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GSM Live Insights: Broke, Bust, Bankrupt: Avoiding Financial Loss in the Post-Sport Journey

GSM Live Insights: Broke, Bust, Bankrupt: Avoiding Financial Loss in the Post-Sport Journey

Rising to the top of your game comes with perks: money, access, and opportunities galore. For a lot of athletes, the amount of wealth given in contracts can be great, but also overwhelming, and may even lead to financial despair when the well dries up, sometimes unexpectedly.

Going big in sports is rewarded, often required, as athletes are conditioned to “leave it all on the field,” but in the real world, it’s moderation that can lead to sustained wins. How can we prepare athletes (and ourselves) for the next phase in life after the game lights go off? And now with the advent of name, image and likeness rulings across the U.S., what are the pitfalls to avoid?

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“There’s this perception of what they have to be. It becomes innate in their mind that you have to go buy the chain, the car, and the house and that’s because of what they see.”

Jacques McClendon, the Director of Football Affairs at the LA Rams, explains how social media influences athletes to make unconscious bias-based decisions. Our society tends to profess the mantra “if you have money, you should spend the money,” and athletes can fall victim to this mentality. Reflecting on his own first purchase he made as a young professional athlete, McClendon remembers buying a new car, which was the first time he had made a big purchase like this in his life. These first purchases are big moments, and McClendon notes that there needs to be more support for athletes so they aren’t taken advantage of because they lack the experience.

“Your wealth is not your identity.”

Mori Taheripour, a globally recognized executive and award-winning educator, makes it clear that your wealth shouldn’t define you. In order to create a healthy relationship with money, you need to do two things: 1. Create boundaries with where you’re putting your money, and 2. Get yourself a financial advisor, which is almost like having a therapist. Thinking longterm about what athletes want to achieve after their playing careers end will enable more responsible saving and spending towards that ideal and realistic retirement in the future.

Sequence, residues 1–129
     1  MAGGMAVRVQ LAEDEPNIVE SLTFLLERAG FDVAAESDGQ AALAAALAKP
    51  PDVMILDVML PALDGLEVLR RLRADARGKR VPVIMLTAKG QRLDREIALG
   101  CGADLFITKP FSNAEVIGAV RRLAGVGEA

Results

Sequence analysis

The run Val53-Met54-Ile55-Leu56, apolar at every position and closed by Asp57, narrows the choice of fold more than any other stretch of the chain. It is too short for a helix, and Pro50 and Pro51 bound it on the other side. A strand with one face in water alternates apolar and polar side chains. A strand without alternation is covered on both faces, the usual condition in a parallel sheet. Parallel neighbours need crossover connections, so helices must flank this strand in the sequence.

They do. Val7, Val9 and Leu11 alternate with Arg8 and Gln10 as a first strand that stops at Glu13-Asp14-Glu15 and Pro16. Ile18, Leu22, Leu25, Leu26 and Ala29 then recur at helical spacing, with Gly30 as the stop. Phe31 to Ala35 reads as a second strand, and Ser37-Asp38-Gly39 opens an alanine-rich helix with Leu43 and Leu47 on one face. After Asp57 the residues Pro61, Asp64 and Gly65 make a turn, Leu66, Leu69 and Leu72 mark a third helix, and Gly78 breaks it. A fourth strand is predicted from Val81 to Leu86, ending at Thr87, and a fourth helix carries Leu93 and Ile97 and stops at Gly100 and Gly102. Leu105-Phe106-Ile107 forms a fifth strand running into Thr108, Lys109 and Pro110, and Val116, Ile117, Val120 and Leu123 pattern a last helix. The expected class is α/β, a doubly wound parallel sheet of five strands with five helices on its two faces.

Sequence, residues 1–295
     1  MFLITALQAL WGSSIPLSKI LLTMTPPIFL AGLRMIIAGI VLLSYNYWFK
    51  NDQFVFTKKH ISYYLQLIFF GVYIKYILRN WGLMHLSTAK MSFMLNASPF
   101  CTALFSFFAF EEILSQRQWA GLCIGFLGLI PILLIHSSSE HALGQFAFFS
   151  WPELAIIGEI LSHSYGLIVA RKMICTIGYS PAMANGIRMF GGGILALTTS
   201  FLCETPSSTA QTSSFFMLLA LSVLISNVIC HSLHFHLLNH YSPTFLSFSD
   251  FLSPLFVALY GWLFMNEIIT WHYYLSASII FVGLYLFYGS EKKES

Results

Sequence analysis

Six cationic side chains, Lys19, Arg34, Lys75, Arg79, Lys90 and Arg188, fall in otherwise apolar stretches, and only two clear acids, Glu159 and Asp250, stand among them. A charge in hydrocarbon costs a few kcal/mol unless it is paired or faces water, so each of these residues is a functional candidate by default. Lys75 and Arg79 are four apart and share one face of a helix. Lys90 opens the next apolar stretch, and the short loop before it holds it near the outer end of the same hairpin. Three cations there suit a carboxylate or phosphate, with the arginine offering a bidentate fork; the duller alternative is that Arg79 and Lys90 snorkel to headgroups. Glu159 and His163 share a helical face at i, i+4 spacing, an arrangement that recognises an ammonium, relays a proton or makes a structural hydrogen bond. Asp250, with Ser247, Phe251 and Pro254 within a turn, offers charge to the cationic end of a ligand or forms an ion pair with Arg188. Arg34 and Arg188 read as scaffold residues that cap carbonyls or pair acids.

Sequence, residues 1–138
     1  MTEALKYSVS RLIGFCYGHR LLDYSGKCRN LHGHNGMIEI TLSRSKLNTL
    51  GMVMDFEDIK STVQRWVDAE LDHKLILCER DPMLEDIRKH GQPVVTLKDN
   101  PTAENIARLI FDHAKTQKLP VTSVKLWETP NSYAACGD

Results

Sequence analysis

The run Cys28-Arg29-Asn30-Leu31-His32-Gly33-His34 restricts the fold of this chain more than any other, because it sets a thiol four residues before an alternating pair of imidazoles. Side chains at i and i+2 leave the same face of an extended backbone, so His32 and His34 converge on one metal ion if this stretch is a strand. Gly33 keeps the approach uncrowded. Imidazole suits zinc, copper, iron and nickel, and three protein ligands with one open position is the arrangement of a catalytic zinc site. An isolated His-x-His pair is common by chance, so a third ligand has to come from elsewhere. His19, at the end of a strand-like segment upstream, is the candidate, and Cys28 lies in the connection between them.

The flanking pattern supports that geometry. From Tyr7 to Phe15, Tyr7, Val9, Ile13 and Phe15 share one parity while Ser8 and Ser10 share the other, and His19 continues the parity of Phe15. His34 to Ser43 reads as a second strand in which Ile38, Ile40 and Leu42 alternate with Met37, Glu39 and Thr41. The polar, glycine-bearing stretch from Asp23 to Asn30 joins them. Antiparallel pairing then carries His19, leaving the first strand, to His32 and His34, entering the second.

“If you’re going to make a lot of money in the young years, you ought to be aiming to put away thirty to fifty percent because then, in the long run, you’re going to have the cushion to choose to do whatever you want.”


Shelley Miles, CEO at Singleton Foundation, a non-profit that provides financial literacy and entrepreneurial programming, explains the importance of having a financial plan and saving more of your money now for a bigger return in the future. Young athletes earning a higher wage should aim to save up to half of income, if possible, and also think about a rainy-day fund now, as it’s not guaranteed that playing careers can last decades. When there are more dollars saved, athletes have flexibility to think about investing in opportunities, like startups and businesses, that will continue to grow their earnings and diversify their portfolios.

More from our September Digital Issue: The Athlete’s Journey